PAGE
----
Through the Looking Glass Children's Book Reviews
I Am Drums
For ages 9 to 12
Clarion Books, 2016 ISBN: 978-0544707108
Sam wishes that she could have a headphone jack in her head so that people could hear her thoughts and understand her “when I can’t say what’s on my mind.” More than anything she wishes her nearest and dearest could and would understand how much she love the drums; how she lives for rhythm, which is the heartbeat of a song. Alas, Sam has no headphone jack in her head and her parents really have no clue that drumming truly makes her heart sing.
Nor do the people at her school, which is why she ends up hitting Danny Lenix with a marimba mallet. Danny tells Sam that “girls look stupid playing drums” and that they have “no rhythm.” He then makes a snide remark about the fact that her family cannot afford to buy her a drum set. This last comment hurts all the more because it is true. Sam’s parents cannot afford a drum set of any kind, nor can they pay for her to have private lessons. All Sam can manage is a pretend drum set made up of books and magazines, which she hammers away on in her room.
Needless to say the marimba mallet incident means that Sam ends up in the principal’s office. Again. Sam is given lunch detention and she is told that Dr. Pullman is going to call her parents to talk to them about what happened. Sam’s father has a short fuse at the best of times and if he hears about what Sam did he is going to hit the roof and ground her for eternity. Which is why Sam erases Dr. Pullman’s message on the family answering machine. She knows she is courting disaster, but she cannot bear to face her enraged father.
Sam’s big dream is that one day she will be able to play the drums in the school jazz band, the best music ensemble in the school, but her hopes are shattered when she finds out that next year there will be no music program in her school. The program is being cut. If there is no music in school there is no way she is going to be able to improve her drumming education and skills.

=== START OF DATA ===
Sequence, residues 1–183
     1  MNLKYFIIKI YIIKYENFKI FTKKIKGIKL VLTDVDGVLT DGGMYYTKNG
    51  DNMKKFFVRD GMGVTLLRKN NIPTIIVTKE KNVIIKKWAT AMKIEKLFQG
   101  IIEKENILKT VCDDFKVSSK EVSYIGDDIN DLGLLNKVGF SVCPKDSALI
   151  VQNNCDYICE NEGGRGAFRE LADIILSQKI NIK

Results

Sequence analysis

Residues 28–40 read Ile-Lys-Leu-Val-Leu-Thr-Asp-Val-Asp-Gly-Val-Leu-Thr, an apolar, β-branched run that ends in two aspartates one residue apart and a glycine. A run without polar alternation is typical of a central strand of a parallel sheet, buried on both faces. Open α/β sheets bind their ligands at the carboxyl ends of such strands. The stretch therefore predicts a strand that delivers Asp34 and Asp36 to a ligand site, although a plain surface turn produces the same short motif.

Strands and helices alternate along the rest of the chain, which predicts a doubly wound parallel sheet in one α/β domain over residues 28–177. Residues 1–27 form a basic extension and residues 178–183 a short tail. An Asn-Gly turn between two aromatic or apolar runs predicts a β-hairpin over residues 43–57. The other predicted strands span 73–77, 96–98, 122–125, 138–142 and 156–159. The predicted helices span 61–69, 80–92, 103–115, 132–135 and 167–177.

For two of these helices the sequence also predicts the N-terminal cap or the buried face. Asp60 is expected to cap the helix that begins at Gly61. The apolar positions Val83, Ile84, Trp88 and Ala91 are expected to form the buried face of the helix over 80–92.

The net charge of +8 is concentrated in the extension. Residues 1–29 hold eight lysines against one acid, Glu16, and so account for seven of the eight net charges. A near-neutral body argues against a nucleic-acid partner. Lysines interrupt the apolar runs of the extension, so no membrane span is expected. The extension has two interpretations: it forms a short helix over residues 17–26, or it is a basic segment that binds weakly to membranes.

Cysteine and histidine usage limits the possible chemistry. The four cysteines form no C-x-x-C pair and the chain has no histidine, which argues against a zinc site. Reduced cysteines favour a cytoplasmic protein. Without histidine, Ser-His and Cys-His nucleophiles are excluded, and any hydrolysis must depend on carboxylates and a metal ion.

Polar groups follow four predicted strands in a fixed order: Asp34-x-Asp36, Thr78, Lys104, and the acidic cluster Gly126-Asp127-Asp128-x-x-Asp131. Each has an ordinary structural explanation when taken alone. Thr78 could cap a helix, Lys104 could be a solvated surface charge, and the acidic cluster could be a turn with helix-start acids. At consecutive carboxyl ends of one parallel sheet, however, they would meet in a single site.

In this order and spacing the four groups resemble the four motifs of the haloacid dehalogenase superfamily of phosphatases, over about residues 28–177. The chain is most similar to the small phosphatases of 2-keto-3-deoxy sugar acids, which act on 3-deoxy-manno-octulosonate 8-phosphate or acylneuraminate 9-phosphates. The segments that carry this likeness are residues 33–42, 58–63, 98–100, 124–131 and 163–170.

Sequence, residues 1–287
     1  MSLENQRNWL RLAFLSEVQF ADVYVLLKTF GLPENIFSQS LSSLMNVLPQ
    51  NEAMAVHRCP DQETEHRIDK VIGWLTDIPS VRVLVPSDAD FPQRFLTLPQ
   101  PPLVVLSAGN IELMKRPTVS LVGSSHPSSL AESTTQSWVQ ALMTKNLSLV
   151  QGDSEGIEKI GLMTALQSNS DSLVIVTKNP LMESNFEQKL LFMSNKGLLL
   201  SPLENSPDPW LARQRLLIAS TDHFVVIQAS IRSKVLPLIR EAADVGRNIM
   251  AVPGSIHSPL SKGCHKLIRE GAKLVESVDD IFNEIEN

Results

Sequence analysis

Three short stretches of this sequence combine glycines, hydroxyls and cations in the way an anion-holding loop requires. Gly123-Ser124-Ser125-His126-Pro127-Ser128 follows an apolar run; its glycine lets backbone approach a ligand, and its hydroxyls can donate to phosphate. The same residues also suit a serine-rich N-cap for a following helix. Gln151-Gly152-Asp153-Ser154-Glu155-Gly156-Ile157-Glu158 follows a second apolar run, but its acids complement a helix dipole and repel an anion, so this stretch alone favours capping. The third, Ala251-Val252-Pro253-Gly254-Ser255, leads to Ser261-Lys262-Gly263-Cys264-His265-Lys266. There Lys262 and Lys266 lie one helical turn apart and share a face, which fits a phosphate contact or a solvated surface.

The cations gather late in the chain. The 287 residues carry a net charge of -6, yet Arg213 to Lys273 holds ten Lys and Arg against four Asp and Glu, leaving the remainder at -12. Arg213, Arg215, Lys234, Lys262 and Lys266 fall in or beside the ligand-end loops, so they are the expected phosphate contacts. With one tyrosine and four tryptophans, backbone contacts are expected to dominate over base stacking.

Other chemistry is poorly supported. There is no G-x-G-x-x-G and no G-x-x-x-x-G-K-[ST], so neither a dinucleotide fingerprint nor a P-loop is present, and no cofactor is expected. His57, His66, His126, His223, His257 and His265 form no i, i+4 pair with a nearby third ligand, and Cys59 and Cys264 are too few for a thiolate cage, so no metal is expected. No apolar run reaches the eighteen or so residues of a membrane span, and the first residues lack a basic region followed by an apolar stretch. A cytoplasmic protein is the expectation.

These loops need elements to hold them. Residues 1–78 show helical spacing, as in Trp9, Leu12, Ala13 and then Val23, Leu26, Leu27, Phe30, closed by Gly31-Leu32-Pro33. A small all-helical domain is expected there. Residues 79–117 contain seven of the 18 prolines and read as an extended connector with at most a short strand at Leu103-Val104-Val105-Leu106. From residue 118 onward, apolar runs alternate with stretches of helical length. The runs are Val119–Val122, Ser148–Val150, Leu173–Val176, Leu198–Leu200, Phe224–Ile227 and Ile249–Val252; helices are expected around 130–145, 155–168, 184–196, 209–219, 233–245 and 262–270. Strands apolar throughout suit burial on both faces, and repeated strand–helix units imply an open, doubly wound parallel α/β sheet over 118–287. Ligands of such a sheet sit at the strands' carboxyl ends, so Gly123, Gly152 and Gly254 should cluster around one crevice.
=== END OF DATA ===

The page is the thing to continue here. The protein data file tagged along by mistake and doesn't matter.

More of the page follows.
Since quitting drums is not an option, Sam decides that she has to make enough money to pay for private lessons. She knows that the best local teacher, Pete Taylor, charges thirty dollars a lesson, so somehow she has to make that amount every week.
In the end Sam sneaks the family lawn mower out of the house and mows people’s lawns to make the money she needs. By some miracle Pete agrees to take her on as a student, even though he says his schedule is full. By some miracle Pete is able to clean up Sam’s technique and under his tutelage she begins to grow as a drummer. Sam does not tell Pete that her parents do not know about the lessons, until her secret can no longer be kept. Soon after the house of cards that Sam has built around her drumming dream falls apart.
Young readers will find it hard not to connect with Sam, who is so passionate about music and who has no support from her family to achieve her dream. It is at times painful to watch her dig herself into a deeper and deeper hole of lies and secrets, knowing full well that eventually she is going to get caught.
The author of this wonderful story beautifully captures the love that a person can have for music; a love that can be all consuming. Somehow the fact that Sam wants to play the drums makes her plight all the more poignant, because she very much feels that she is in a ‘me against the rest of the world’ situation.